The best analogy for explaining the relationship between the message envelope and the message header is sending conventional mail in a large company. You write a formal business letter with your company's address and the recipient's address in the salutation at the top of the letter. You give the letter to your company's mail room for processing. The mail room personnel create an envelope by using the recipient information in your letter, seal your letter in an envelope, and drop the envelope in the mailbox for delivery. The postal service delivers the envelope to the recipient's company based on the address on the envelope. The mail room personnel at the recipient's company receive the envelope, determine the recipient based on the envelope, open the envelope, and put the letter in the recipient's personal mail box. When the recipient retrieves your letter from their personal mail box, he or she knows, from the information in the salutation, that you wrote the letter and that the letter is for him or her.
Requirements for Message Files in the Replay Directory
The Replay directory is used to resubmit exported Exchange messages and to receive messages from foreign gateway servers. These messages are already formatted for the Replay directory. There is little or no need for an administrator or other application to compose and submit new message files by using the Replay directory. The Pickup directory should be used to create and submit new message files.
The Replay directory messages make extensive use of X-Headers. X-Headers are user-defined, unofficial message header fields that exist in the message header. X-Headers are not specifically mentioned in RFC 2822, but the use of an undefined message header field starting with "X-" has become an accepted way to add unofficial message header fields to a message. The Exchange 2007-specific X-Headers that are used in the message files in the Replay directory can actually set delivery information that normally exists in the message envelope. This feature is required to preserve original message information when you use the Replay directory to process exported messages from another Exchange server.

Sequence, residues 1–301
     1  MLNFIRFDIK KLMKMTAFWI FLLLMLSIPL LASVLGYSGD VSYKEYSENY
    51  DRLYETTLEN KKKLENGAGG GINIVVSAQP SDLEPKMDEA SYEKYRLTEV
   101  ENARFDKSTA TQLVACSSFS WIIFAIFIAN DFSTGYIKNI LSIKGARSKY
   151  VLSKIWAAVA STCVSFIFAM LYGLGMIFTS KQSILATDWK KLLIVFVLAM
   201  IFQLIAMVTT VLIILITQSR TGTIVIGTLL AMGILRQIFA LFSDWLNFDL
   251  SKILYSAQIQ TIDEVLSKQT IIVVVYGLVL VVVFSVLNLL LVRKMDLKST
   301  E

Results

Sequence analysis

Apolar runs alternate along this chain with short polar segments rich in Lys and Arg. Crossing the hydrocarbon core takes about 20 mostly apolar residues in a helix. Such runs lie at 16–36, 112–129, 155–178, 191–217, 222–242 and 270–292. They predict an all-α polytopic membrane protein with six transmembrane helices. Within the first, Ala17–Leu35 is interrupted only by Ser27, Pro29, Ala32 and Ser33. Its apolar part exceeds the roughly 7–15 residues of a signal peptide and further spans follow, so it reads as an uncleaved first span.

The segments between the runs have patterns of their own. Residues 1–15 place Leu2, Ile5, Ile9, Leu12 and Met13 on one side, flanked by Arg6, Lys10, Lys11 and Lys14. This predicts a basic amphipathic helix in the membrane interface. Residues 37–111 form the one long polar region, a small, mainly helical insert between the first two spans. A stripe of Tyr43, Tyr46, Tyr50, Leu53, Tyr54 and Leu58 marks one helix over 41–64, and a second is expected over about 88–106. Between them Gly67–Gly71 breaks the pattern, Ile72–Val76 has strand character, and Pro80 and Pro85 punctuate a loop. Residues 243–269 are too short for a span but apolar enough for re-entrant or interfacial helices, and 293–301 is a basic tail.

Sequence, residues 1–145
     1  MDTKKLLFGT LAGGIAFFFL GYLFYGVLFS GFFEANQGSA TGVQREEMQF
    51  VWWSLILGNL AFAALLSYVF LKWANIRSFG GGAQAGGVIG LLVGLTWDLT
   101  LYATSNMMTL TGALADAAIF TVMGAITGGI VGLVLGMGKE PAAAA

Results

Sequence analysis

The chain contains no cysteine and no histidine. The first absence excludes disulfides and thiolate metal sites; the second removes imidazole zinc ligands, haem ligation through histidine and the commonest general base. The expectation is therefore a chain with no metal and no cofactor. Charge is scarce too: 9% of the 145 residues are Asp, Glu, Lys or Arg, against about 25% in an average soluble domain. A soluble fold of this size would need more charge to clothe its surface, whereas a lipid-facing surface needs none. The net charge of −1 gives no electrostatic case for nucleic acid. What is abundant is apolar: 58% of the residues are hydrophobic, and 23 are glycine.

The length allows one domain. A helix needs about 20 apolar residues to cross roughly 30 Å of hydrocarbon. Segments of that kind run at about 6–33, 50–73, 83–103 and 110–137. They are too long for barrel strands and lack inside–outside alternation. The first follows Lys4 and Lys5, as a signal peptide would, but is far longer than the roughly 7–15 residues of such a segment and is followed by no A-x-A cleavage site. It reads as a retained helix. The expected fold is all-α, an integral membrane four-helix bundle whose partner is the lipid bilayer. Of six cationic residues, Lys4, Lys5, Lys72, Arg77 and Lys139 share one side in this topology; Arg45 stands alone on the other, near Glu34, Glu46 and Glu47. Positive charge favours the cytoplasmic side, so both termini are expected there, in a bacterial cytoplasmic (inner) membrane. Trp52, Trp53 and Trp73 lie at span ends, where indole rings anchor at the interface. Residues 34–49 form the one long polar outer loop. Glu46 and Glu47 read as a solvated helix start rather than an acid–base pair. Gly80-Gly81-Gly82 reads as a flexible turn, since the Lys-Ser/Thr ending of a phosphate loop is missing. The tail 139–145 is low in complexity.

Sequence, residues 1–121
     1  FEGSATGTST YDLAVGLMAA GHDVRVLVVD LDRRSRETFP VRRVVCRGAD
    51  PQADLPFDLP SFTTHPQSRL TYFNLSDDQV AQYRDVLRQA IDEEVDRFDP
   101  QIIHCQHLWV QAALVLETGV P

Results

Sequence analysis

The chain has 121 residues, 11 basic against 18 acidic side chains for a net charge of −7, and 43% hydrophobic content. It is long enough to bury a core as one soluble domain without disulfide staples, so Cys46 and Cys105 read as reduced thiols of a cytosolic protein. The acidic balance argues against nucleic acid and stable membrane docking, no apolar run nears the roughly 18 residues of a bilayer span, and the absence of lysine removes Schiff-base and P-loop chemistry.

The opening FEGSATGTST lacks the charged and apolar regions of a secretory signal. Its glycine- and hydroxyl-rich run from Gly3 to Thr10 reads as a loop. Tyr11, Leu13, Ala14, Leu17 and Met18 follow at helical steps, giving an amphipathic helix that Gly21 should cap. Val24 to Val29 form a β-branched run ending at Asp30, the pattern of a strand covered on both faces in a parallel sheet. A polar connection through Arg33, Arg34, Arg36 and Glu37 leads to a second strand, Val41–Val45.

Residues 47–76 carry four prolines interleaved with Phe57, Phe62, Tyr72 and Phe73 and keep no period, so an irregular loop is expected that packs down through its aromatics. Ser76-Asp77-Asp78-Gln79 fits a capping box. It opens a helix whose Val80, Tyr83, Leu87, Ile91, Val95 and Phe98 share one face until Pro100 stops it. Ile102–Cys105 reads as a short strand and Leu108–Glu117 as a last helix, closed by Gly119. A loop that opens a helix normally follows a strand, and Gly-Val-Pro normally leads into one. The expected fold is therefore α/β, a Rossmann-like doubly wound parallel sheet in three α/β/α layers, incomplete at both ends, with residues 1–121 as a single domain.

A message file that is copied into the Replay directory must meet the following requirements for successful delivery:
The message file must be a text file that complies with the basic SMTP message format. Multipurpose Internet Mail Extensions (MIME) message header fields and content are supported.
The message file must have an .eml file name extension.
X-Headers must occur before all regular header fields.
A blank line must exist between the header fields and the message body.
The X-Headers that are described in the following list are required by messages in the Replay directory:
X-Sender:This X-Header replaces the
From:message header field requirement in a typical SMTP message. One
X-Sender:field that contains one e-mail address must exist. The Replay directory ignores the
From:message header field if it is present, although the recipient's e-mail client displays the value of the
From:message header field as the sender of the message. Other parameters usually exist in the
X-Sender:field as shown in the following example:
X-Sender: <email@example.com> BODY=7bit RET=HDRS ENVID=12345ABCD auth=<someAuth>
These parameters are message envelope values that are ordinarily generated by the sending server. You may see parameters similar to this in exported message files.
RET=specifies whether the whole message or only the headers should be returned to the sender if the message cannot be delivered.
RET=can have a value of
ENVID=is a message envelope identifier.
BODY=specifies the text encoding of the message.
AUTH=specifies an authentication mechanism to the messaging server as described in RFC 2554.
X-Receiver:This X-Header replaces the
To:message header field requirement in a typical SMTP message. At least one
X-Receiver:field that contains one e-mail address must exist. Multiple
X-Receiver:fields are allowed for multiple recipients. The Replay directory ignores the
To:message header fields if they are present, although the recipient's e-mail client displays the values of the
To:message header fields as the recipients of the message. Other optional parameters may exist in the
X-Receiver:fields as shown in the following example:
X-Receiver: <firstname.lastname@example.org> NOTIFY=NEVER ORcptemail@example.com